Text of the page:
Wolf researcher Werner Freund chomps into a leg of deer at Wolfspark Werner Freund, in Merzig, Germany, earlier this year. (Photo: REUTERS/Lisi Niesner)
A bargain is betrayed in this animated story of boy meets wolf, with a terrible price.
This image shows fewer than 400 of the 1600+ dire wolf skulls found in the La Brea Tar Pits — natural seepages of asphalt that trapped thousands upon thousands of animals over centuries. Like most of you, I was familiar with what the tar pits were. But, until I visited last week, I hadn't really had a grasp of just how many animal remains have been found there. Seriously, the place is lousy with bones. As in, chunks of partially excavated asphalt look more like jumbles of bone held together with some hardened goop.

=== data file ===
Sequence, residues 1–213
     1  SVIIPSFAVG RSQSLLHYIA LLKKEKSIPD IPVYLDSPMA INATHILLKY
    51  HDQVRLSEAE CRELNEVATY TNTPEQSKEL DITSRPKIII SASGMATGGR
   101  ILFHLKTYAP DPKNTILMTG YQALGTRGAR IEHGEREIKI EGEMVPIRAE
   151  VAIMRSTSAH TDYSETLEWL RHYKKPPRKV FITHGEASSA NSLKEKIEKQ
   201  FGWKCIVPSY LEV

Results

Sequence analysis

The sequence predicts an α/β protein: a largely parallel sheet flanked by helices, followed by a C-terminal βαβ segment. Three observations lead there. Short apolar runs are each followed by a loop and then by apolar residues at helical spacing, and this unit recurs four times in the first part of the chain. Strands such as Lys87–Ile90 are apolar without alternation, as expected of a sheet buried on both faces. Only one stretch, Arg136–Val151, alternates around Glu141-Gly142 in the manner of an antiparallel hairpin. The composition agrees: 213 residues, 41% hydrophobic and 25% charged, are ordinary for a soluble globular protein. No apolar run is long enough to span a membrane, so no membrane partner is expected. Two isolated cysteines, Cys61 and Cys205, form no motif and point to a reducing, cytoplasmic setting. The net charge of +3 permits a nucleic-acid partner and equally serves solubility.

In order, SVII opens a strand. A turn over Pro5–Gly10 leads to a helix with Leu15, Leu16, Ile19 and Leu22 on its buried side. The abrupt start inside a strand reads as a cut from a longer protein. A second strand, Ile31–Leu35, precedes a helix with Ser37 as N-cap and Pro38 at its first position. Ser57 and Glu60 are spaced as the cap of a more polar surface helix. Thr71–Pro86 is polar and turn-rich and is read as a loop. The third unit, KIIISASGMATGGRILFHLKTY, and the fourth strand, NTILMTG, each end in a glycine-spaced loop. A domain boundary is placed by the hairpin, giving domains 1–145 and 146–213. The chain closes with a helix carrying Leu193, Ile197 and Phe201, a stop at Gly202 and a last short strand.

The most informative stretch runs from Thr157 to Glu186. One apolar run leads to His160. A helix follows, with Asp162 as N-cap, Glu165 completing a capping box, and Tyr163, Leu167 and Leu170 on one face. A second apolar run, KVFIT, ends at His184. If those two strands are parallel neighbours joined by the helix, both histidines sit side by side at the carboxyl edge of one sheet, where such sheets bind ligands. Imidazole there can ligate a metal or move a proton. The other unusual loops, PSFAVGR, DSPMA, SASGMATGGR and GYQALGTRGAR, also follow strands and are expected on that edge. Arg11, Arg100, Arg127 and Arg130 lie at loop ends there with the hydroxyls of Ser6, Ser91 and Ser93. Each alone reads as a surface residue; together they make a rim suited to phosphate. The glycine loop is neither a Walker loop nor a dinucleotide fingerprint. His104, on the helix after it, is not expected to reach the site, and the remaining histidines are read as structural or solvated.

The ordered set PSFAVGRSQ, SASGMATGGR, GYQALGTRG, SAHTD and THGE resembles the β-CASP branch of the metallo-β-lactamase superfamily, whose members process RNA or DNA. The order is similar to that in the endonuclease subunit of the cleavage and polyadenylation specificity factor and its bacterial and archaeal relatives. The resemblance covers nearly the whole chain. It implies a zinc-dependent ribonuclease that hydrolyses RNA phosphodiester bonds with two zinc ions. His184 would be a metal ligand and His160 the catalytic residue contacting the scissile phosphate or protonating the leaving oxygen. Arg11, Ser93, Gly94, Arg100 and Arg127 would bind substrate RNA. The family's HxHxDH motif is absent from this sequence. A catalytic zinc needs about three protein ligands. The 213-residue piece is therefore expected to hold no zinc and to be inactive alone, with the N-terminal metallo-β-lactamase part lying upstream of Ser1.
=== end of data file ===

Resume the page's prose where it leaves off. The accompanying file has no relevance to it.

For the record, dire wolves really did exist, and they really were larger than modern wolves — but not as much larger as you might imagine from reading Game Of Thrones. There's a lot of overlap in the Bell Curves here, with the average dire wolf probably having been about the same size as the larger specimens of modern grey wolves.
Meanwhile, there are people trying to breed a dog that fits the fantasy of pet dire wolves — really big, really wolfy, and yet somehow well-behaved. It is not, however, terribly like the real-life dire wolf, in looks or genetics.